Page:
Think Like An Outsider - How To Solve Problems And Create Breakthroughs In Marketing

by Randy Murray on January 19, 2010

A recent article in Wired has a piece of gold buried inside it where most might not ever see it, mainly because of the title: Accept Defeat: The Neuroscience of Screwing Up. Neuroscience might not interest everyone, but inside in the article there’s a story about observing two lab teams working on the same problem. One team was made up of experts on the single subject. The other was made up of a diverse group of people with different expertise. The uniform group took weeks to solve the problem – they attacked it by brute force, methodically testing various approaches. The diverse group solved the problem in 10 minutes during a group meeting.

I’ve seen this work in business and especially marketing time and again. When a team becomes insular it falls in love with its own ideas. The team runs up against big problems that take too long and too much money to solve. They are resistant to suggestions and criticism from outsiders. But when teams are made up from a cross-section of the business, problems are quickly solved and the solutions tend to be widely applicable.

Why is this? The Wired Article nails it.

This is why other people are so helpful: They shock us out of our cognitive box. “I saw this happen all the time,” Dunbar says. “A scientist would be trying to describe their approach, and they’d be getting a little defensive, and then they’d get this quizzical look on their face. It was like they’d finally understood what was important.”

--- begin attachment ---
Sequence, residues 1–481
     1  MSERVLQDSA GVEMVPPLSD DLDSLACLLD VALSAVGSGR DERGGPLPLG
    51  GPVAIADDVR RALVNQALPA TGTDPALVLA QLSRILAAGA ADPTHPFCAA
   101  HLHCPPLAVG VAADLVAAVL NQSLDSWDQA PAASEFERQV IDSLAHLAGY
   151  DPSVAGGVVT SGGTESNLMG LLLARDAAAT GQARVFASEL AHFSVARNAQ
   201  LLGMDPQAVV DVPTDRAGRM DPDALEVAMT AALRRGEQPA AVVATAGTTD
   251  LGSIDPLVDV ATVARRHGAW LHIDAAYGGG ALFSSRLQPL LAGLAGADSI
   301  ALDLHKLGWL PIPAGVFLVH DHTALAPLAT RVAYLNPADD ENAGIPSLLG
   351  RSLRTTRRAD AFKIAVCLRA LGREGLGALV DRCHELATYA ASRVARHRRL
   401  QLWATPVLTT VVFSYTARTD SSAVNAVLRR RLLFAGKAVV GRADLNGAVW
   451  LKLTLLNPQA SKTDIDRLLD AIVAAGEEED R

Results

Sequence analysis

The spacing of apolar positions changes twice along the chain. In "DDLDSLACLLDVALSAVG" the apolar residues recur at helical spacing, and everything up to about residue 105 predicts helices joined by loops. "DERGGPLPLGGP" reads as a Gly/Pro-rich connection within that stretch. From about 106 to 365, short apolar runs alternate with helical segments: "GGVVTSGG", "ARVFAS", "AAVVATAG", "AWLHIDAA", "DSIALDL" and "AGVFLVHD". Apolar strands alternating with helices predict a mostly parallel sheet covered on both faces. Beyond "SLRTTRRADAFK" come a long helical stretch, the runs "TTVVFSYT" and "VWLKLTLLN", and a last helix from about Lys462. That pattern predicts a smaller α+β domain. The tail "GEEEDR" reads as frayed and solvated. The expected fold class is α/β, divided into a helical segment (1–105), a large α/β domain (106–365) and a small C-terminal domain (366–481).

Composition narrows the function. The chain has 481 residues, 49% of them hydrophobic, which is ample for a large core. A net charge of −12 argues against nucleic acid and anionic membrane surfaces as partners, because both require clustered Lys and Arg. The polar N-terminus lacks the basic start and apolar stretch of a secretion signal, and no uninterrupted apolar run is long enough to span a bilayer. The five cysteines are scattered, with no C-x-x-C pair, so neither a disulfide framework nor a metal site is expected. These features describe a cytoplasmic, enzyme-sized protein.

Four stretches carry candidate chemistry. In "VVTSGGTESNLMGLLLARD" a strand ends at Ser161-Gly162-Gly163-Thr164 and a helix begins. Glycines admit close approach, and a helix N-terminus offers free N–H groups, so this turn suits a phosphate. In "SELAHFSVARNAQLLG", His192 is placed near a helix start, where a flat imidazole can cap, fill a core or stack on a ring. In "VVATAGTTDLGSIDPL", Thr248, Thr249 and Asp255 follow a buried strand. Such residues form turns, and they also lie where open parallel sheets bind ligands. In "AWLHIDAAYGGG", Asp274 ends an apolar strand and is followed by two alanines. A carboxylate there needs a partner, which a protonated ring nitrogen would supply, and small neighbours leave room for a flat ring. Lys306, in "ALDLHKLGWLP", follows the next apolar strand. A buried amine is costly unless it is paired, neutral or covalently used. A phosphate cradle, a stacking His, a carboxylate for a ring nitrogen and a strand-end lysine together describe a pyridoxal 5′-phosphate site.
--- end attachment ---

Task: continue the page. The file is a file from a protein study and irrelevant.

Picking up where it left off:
Marketing is about communicating. And if you want to succeed at that, you have to escape from your insular, inside-the-box mindset. You have to think like a prospect. If you can realize that and do it, you’ll drop all of the shorthand and jargon that grows up inside a company and get to the place where you can talk about your product or service and your organization in ways that make sense.

Here are some suggestions that have worked for me:

  1. Include someone from your customer service team on your marketing projects. They’re the ones who talk with customers every day. They’ll know the issues, problems, and what really matters.
  2. Build a group of temporary team members who can rotate thru on your big projects. Pitch to them. Ask them about your problems and roadblocks. A continual stream of fresh eyes and minds will help you maintain your momentum.
  3. Keep your competitive research fresh. You need to understand not only what your competitors are up to, but what messages they’re delivering to your prospects.
  4. Develop a list of companies outside your industry that you admire and include them in your competitive research. Track their marketing and continually ask, “How do they break through to their customers?”

Learning how to think like an outsider, how to explain your problem to someone else, is an important skill, but even better, bringing an outsider inside your team will help with that important perspective. But remember, they’ll only remain an outsider for a short period of time. Soon they’ll learn your jargon, begin to think like everyone else. Soon they’ll be part of the problem, just the way you are.

The Think Like An Outsider - How To Solve Problems And Create Breakthroughs In Marketing by Randy Murray, unless otherwise expressly stated, is licensed under a Creative Commons Attribution-NonCommercial-ShareAlike 3.0 Unported License.

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